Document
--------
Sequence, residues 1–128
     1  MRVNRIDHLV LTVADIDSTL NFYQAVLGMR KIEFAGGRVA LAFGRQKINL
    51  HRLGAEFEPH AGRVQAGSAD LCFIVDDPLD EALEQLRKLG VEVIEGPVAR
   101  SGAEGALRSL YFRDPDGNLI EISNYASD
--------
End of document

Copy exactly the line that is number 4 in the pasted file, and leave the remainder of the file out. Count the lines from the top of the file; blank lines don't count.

   101  SGAEGALRSL YFRDPDGNLI EISNYASD